3 Strategies that Work with Rude People

By | November 10, 2014

Kool Derby

Not a day passes that you don’t experience a rude situation with someone. You might encounter the crazy driver who cuts you off, the cashier who looks at you funny because you have several more items than the 10 allowed in the fast lane, or a co-worker who embarrasses you in a meeting because your report is missing pertinent information.

Of course, you can also be rude. You sometimes ignore others when they ask a question, or complain to the waiter because your chicken fried steak is late in arriving. The pressure of the day takes its toll, and you find it easy to take it out on others. In fact, being rude is so common that you are often surprised when someone is nice to you.

I know a little about rude behavior. You see, for more than 20 years I officiated Div. I men’s collegiate basketball games. The coaches are looking for an edge, and they often try intimidation tactics that hardly work. The fans, who are sometimes intoxicated, scream ridiculous stuff at the referees. Interestingly, I think fans are accustomed to acting rudely, and they often use the same approach in their everyday life.

#1: Keep a polite attitude.

The best thing you can do when someone loses his cool is to remain calm. I understand that it’s tough to do because you want to tell him a thing or two. Recently, an intoxicated passenger became upset when my backpack was directly in front of his First Class seat. There was no overhead space in the immediate area, and I was waiting for passengers to find their seats, allowing me walking room to find space for my bags.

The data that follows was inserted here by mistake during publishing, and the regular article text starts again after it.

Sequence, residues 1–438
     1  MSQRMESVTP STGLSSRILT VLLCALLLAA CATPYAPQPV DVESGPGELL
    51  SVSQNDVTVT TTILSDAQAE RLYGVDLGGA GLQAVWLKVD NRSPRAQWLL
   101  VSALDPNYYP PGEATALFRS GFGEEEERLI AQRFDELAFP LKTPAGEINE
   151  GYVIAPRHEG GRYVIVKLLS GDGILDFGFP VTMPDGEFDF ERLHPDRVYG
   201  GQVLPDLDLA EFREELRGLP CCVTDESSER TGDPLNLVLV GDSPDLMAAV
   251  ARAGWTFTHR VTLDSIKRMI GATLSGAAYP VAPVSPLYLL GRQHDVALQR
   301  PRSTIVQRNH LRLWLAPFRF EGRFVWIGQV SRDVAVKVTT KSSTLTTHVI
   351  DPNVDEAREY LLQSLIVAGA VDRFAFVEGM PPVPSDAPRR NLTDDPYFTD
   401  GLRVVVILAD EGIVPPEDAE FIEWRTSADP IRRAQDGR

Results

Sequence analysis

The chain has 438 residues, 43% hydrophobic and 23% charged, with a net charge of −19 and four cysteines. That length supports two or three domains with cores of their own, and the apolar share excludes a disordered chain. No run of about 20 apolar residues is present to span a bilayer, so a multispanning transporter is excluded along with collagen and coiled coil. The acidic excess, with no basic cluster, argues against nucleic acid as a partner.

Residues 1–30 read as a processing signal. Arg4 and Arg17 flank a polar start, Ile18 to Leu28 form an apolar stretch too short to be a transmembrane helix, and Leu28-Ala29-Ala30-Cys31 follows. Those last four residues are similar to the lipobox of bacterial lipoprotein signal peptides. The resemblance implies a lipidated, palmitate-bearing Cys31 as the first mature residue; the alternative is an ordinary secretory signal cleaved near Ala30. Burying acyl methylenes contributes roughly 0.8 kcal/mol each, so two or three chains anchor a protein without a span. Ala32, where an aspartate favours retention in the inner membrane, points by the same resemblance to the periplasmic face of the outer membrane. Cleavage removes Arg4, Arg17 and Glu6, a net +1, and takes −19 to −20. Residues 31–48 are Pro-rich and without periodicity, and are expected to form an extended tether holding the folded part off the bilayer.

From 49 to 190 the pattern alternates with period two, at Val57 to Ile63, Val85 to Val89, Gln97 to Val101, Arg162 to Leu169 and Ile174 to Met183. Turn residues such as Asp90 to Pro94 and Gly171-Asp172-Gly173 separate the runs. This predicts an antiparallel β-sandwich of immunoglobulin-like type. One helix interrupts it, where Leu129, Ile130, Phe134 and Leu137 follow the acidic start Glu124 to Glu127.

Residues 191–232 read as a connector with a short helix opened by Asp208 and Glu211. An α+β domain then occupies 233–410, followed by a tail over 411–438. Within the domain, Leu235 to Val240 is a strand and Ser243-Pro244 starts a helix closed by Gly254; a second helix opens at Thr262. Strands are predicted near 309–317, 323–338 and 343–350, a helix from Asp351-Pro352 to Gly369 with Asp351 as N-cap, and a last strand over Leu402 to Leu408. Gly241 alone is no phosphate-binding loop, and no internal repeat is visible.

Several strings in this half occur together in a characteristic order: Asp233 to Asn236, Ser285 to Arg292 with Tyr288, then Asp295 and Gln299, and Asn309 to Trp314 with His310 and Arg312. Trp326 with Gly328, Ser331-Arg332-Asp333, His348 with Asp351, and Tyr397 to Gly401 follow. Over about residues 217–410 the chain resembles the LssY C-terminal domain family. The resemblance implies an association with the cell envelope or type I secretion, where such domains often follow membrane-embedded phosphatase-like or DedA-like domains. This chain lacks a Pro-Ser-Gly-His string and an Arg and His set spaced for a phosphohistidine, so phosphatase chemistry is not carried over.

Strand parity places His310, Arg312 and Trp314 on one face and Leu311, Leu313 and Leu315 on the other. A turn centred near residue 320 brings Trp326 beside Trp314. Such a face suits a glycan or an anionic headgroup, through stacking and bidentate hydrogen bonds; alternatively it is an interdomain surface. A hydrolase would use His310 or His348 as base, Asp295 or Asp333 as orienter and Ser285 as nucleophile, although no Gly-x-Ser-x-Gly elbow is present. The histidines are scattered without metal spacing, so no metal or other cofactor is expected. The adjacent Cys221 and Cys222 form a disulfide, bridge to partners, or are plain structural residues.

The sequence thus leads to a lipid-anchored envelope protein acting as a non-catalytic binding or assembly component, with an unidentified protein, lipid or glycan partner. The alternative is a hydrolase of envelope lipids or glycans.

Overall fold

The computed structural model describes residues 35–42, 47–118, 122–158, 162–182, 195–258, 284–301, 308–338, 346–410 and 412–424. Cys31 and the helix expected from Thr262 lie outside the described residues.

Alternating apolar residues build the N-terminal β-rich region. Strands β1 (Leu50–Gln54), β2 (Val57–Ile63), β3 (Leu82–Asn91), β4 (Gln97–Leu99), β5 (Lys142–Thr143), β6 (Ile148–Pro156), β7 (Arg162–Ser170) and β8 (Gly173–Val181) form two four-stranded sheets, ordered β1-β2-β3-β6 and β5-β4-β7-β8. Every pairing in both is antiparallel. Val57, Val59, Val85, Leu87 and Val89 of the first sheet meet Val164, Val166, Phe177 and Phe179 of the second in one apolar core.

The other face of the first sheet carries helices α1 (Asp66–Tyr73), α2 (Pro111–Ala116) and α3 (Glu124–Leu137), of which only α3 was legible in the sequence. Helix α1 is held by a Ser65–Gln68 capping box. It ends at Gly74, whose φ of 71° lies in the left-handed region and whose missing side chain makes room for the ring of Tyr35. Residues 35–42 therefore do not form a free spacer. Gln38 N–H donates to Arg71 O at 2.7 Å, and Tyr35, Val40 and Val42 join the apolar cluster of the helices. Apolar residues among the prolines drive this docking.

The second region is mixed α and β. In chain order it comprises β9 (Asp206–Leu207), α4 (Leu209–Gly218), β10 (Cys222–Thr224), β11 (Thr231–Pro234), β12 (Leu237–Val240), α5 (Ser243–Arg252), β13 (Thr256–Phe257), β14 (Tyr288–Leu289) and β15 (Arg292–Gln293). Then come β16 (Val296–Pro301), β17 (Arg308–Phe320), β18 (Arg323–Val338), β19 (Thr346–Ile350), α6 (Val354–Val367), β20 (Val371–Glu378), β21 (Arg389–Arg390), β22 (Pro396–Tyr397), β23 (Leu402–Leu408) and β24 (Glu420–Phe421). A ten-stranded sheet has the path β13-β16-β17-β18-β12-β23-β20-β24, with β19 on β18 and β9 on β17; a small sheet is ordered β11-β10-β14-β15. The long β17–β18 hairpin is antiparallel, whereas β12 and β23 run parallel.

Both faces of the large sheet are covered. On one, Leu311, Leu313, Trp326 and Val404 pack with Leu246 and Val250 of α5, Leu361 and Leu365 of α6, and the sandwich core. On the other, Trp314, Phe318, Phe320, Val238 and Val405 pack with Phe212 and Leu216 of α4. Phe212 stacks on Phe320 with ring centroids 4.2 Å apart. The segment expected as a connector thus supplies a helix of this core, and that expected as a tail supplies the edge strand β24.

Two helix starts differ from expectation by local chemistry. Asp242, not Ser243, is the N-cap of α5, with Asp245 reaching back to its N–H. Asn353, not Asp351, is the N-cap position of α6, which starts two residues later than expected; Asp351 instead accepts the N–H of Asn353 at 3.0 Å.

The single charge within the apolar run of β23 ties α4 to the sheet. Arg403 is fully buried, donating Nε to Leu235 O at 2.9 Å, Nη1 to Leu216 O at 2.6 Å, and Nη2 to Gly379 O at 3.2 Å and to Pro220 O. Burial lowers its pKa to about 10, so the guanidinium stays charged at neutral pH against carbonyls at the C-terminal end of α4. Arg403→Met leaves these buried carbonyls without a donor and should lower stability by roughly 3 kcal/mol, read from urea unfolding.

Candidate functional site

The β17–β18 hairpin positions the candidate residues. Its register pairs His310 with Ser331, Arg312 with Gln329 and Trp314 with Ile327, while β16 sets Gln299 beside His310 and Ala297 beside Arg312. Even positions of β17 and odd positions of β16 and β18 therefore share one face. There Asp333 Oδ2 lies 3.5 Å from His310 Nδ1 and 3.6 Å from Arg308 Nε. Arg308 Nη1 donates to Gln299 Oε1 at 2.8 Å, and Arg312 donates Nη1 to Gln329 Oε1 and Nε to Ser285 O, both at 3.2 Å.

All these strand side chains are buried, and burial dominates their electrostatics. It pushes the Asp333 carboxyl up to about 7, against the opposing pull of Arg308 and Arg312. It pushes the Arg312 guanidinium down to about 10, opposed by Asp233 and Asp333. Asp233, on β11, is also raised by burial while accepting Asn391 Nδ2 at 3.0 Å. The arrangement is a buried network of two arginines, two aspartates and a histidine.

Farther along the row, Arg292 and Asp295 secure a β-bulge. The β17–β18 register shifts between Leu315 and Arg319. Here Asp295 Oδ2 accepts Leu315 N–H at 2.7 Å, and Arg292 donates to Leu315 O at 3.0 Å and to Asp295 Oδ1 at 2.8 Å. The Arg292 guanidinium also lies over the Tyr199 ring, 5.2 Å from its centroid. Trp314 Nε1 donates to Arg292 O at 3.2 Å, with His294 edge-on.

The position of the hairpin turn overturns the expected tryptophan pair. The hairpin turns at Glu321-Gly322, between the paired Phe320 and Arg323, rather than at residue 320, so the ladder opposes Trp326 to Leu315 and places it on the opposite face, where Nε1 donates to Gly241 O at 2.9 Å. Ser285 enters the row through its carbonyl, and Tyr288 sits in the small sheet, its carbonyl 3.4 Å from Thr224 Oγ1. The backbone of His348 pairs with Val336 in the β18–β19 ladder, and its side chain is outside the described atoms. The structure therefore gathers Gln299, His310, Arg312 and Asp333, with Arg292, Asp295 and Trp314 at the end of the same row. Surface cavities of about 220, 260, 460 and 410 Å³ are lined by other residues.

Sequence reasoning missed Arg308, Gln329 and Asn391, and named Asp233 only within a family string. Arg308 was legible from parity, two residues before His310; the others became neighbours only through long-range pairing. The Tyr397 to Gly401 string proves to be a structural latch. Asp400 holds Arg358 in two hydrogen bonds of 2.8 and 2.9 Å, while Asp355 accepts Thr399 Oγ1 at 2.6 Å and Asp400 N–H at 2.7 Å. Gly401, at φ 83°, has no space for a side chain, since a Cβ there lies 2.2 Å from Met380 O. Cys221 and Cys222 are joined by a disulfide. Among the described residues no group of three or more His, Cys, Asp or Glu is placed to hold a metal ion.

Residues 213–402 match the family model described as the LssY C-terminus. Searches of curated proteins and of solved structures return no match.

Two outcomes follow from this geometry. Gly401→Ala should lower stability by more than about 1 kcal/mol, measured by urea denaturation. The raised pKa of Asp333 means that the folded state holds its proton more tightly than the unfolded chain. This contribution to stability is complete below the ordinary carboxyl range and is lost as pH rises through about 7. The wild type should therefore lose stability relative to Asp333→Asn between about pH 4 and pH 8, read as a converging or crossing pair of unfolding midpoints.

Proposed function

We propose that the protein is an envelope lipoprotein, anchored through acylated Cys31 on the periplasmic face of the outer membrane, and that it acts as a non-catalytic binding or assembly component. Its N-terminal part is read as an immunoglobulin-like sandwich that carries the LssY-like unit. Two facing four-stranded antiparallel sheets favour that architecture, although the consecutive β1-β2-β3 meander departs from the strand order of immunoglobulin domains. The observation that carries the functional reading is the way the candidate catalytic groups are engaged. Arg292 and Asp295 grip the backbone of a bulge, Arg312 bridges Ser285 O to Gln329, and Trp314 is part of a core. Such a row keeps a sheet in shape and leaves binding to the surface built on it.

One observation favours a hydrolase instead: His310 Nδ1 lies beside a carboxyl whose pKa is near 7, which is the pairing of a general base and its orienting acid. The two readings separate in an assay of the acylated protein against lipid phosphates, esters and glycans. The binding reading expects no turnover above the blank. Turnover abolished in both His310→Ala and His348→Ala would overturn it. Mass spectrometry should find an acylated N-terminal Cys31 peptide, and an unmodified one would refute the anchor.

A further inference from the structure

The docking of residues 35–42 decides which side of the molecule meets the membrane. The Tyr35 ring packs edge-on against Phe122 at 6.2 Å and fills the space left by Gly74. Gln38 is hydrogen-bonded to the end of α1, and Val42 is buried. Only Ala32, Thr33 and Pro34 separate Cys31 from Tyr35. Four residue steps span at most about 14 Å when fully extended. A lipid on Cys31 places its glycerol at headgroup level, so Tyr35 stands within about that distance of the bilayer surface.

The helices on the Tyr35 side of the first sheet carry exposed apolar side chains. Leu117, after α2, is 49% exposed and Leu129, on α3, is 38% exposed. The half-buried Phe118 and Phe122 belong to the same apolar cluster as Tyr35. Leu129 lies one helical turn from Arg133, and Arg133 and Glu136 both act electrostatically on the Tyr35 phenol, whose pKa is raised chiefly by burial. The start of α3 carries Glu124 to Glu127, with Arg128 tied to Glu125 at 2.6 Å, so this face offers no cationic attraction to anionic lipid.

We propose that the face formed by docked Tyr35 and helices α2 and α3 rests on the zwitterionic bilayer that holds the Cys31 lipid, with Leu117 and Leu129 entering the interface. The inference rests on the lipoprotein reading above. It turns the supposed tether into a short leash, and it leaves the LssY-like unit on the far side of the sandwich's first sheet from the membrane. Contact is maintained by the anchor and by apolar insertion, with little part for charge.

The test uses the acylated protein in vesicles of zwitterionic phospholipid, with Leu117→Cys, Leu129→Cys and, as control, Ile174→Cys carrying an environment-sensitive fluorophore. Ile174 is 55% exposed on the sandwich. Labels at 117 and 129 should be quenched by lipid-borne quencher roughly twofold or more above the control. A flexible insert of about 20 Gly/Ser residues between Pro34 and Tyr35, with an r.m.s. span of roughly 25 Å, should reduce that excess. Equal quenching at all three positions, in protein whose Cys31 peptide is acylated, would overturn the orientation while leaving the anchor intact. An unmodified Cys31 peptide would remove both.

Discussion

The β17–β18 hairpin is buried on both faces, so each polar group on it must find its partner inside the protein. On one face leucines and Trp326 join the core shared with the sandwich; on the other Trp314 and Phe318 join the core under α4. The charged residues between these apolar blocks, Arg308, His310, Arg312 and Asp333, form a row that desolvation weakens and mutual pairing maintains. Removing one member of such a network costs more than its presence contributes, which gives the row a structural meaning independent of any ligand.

He said, “Come on, man. Move that bag!”

In most cases, I would tell this passenger to go “Fly a kite!” In fact, I would probably raise my voice and tell him to go to H*#L! But, for some reason, I was able to keep my cool this time, and I responded: “Sorry, I’m trying to find a place for my bags.”

The drunk mumbled a few incoherent words, sat down, and ordered a cocktail. I grabbed my backpack, found a place for it, and retreated to my seat. The polite approach calmed the situation, and the rest of the flight was uneventful.

#2: Agree with the rant.

Here are a few Dale Carnegie tactics to managing an irate individual:

  • “I’m so sorry. Did I offend you?”
  • “Please ignore me if I was inconsiderate. That was not my intention.”
  • “I apologize for overlooking that information. It won’t happen again.”
  • “I didn’t see you in line. Let me find my place.”

In some cases, you are wrong, and in some you’re not. Really, though, it’s not worth making a big deal out of it. Appease the person and get back to living.

#3: Try to understand the rude person.

People are under tremendous stress today. That doesn’t give them the right to be rude to you, but you have to be bigger than the situation. I remember the woman who walked into the dry cleaners where I was dropping off my clothes, and said:

“Who left their car on outside?”

“That’s my car, ma’am,” I responded.

“Well, you know that if that car is stolen,you can be cited for contributory negligence.”

“No, ma’am.” I was unaware of that law.

She was trying to feel important. My guess is that she recently heard it on TV, or possibly read it in the newspaper. Regardless, this was her time to shine, and I could tell the five customers in the store were amused with her newfound “legal knowledge.”

Managing rude people requires that you avoid trying to prove them wrong. Instead, you need to remain calm, and look for ways to resolve differences in a non-confrontational manner. You will feel much better by walking away and knowing you were bigger than the situation.

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